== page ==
Apple recently unveiled its long-awaited VR headset, theVision Pro. This comes just months after Sony released its PlayStation VR2 and days after Meta announced the Quest 3. With all of these new devices, you are probably wondering which is worth buying. There is a lot of information to sort through, but the Apple Vision Pro and PlayStation VR2 are two of the most talked about.
The biggest question on most buyers minds is the cost of buying each, but that is only the tip of the iceberg. These two headsets use vastly different technology to operate and also offer completely different sets of features. Figuring out which is best for you will largely come down to your budget and intended uses for aVR headset.
Apple s Vision Pro Vs. PlayStation VR2: Side by Side Comparison
|Vision Pro||PlayStation VR2|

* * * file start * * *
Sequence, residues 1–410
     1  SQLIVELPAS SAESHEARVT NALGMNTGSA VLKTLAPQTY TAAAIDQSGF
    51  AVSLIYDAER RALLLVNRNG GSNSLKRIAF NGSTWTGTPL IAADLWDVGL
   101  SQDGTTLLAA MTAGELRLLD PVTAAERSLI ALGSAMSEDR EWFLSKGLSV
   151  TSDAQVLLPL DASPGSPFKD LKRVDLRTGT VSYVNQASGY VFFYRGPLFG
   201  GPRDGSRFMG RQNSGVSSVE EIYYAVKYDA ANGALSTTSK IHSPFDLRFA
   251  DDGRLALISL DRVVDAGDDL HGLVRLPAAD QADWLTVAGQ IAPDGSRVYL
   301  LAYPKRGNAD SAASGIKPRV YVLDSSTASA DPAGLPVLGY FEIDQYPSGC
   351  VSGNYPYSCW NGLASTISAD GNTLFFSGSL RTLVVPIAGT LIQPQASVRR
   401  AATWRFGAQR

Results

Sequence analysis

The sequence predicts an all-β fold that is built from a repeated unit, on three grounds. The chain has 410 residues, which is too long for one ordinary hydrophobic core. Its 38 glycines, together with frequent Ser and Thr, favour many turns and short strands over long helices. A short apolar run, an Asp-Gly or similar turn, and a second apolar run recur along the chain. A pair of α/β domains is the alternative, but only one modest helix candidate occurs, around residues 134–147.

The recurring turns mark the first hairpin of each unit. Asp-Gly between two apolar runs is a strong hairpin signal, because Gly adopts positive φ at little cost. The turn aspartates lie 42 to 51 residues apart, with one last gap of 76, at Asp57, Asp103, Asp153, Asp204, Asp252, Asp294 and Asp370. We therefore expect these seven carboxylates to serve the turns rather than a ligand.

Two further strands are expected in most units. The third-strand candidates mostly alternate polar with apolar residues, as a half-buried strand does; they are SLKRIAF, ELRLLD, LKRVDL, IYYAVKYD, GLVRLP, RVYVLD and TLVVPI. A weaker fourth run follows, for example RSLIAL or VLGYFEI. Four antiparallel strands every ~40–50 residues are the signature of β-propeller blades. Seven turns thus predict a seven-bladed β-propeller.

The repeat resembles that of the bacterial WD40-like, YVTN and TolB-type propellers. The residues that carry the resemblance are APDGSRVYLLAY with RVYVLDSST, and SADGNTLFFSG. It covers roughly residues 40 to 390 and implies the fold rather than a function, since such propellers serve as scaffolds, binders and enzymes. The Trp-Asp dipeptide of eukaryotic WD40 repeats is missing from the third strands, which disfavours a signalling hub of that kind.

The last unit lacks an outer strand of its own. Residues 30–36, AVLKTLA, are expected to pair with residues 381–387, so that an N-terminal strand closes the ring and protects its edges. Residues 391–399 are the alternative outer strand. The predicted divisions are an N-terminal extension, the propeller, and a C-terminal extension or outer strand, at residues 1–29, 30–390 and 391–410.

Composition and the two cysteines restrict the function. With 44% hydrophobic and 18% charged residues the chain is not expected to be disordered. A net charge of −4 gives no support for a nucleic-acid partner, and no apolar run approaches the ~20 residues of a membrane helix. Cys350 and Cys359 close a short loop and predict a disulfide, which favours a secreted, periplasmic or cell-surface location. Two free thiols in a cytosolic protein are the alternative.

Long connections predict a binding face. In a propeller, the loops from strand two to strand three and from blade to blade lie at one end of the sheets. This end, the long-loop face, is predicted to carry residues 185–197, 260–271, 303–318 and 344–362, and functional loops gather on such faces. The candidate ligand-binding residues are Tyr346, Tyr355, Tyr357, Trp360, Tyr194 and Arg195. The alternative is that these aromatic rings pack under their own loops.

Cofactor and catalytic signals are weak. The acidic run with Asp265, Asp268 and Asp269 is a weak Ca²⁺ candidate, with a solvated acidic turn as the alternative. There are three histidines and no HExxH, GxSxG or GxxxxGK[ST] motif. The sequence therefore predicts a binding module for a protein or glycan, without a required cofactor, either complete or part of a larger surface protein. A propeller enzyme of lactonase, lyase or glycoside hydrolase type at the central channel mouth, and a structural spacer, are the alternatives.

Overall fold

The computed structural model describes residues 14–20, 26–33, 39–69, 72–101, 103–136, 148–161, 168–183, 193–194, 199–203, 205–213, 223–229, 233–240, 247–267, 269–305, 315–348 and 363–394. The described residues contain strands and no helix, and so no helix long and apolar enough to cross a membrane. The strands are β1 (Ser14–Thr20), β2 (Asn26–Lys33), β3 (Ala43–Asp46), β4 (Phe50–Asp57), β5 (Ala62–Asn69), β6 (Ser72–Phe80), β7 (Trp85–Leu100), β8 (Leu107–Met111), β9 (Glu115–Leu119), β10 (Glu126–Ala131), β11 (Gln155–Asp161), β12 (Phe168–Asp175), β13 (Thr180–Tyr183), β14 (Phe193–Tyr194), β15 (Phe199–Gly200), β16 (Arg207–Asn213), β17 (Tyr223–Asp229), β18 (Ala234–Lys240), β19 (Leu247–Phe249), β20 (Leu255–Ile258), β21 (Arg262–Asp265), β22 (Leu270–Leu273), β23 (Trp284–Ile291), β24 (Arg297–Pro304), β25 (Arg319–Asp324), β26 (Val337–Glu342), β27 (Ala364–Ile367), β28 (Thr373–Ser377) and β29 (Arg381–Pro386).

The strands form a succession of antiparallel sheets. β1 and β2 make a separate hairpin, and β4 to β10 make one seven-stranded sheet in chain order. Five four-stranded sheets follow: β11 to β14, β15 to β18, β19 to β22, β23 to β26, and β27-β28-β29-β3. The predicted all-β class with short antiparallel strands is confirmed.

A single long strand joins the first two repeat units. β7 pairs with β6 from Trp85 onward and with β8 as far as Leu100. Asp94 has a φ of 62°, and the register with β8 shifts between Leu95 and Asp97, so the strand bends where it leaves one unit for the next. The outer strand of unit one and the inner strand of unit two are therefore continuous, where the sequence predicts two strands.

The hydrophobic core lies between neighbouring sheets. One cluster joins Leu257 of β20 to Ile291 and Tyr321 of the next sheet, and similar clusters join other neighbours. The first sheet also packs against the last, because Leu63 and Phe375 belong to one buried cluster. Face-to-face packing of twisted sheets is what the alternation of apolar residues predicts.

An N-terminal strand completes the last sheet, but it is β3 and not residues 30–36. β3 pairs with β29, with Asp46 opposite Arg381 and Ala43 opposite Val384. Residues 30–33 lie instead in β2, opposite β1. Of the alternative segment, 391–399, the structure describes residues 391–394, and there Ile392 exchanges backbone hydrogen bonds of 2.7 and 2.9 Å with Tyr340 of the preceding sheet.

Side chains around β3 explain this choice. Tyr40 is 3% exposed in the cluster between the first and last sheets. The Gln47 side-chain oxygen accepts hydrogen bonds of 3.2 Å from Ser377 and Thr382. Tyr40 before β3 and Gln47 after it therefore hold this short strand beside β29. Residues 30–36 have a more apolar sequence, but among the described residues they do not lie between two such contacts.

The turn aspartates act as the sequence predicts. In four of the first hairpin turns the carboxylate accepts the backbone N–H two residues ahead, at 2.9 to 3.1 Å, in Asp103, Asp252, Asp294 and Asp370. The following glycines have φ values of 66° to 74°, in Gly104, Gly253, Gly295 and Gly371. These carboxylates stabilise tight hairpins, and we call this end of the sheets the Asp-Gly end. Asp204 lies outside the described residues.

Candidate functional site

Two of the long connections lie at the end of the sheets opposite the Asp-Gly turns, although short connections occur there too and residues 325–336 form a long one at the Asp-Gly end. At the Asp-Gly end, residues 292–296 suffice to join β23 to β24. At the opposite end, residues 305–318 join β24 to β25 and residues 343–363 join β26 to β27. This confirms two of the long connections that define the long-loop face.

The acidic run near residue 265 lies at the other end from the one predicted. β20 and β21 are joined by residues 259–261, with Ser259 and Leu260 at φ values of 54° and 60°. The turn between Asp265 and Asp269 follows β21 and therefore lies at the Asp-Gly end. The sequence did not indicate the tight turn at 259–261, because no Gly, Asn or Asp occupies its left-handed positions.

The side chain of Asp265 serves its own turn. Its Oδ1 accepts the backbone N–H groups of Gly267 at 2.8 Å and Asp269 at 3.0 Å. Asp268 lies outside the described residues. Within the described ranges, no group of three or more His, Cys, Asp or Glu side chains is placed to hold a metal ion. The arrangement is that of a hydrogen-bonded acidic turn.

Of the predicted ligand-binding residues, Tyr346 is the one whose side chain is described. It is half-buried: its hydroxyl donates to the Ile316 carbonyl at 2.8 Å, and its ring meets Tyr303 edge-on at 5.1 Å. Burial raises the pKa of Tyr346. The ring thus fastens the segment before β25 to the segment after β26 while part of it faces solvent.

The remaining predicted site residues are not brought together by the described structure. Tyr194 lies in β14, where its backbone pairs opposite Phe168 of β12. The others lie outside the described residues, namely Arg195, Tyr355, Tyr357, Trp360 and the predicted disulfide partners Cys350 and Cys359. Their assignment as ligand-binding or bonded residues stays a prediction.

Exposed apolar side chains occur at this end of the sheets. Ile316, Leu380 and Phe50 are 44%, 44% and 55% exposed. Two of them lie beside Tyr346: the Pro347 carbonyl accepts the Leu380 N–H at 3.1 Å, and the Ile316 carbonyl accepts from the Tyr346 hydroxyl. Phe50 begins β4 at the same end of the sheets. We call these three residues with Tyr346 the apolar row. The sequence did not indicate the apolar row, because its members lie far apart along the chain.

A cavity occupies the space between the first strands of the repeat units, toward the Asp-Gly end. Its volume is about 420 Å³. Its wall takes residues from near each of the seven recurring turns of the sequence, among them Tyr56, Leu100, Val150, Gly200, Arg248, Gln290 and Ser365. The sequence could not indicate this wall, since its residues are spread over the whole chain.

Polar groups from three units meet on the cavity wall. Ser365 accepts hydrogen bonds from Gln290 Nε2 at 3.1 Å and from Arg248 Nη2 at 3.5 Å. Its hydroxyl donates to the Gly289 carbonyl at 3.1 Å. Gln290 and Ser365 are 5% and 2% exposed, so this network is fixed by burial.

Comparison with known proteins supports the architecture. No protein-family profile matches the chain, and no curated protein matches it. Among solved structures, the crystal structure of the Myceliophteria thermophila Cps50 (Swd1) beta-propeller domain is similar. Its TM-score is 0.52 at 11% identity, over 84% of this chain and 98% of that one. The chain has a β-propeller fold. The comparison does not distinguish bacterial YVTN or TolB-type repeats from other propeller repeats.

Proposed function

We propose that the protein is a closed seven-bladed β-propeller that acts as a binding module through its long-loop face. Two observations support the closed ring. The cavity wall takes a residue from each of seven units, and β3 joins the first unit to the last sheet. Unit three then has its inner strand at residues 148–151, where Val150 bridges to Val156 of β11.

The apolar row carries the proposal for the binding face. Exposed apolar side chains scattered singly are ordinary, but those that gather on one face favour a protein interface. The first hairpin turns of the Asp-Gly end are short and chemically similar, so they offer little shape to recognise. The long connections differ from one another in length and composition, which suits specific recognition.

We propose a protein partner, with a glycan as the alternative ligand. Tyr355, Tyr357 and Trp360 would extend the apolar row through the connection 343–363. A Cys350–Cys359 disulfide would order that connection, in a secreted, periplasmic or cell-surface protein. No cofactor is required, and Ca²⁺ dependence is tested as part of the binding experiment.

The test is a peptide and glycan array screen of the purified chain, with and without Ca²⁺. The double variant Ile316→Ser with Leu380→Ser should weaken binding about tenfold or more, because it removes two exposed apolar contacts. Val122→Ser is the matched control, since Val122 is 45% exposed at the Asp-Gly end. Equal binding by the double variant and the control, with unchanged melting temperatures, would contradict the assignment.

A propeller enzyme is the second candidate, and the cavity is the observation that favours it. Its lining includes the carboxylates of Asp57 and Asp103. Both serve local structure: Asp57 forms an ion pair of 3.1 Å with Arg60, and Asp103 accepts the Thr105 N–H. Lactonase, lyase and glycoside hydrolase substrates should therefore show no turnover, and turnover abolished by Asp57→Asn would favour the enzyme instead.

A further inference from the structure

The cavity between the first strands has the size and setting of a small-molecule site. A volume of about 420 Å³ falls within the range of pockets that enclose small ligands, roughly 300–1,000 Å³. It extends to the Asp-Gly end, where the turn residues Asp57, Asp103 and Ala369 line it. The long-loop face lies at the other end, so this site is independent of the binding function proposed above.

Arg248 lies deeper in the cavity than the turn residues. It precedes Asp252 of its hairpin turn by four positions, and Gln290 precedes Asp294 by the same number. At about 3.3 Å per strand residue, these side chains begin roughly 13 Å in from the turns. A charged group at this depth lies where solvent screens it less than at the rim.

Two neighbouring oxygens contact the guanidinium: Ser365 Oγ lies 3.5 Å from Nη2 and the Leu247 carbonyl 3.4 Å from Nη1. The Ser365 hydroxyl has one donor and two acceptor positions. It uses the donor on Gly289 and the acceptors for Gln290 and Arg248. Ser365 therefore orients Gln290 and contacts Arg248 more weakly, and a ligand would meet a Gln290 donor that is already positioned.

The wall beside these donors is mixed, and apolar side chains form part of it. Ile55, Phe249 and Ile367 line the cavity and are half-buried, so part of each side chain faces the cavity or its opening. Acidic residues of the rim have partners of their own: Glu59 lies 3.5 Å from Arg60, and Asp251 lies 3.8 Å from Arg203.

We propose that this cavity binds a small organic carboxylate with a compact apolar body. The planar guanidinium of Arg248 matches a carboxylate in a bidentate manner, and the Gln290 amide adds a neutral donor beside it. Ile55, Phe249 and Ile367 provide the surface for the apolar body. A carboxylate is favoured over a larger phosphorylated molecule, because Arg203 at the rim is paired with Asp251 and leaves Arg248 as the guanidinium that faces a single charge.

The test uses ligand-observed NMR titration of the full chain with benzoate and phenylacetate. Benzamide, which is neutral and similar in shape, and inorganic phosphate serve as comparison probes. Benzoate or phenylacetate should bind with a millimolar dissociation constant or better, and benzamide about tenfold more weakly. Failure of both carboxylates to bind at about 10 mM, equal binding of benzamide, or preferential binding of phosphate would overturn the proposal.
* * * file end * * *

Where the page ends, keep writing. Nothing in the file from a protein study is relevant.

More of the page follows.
|Control Type||Hands, Voice, Eyes||Sense Controllers|
|Use||Entertainment, Gaming, Video Conferencing, Business||Gaming, Limited Entertainment|
|Reality||Augmented & Virtual Reality||Virtual Reality|
- Explore incredible virtual worlds
- Play the best titles including Golem Seamless
- Wide 5.7 OLED with stunning OLED display
- 3D Audio with Playstation VR
- Comfortable, balanced, and adjustable
Apple s Vision Pro Vs. PlayStation VR2: What s the Difference?
The Vision Pro and PlayStation VR2 are two very distinct headsets, despite providing many of the same capabilities. From how the devices operate to the types of content they are designed to run, these two devices couldn t be more different. You should carefully examine each of the points below to see how the headsets are alike and different in order to guide your purchase decision.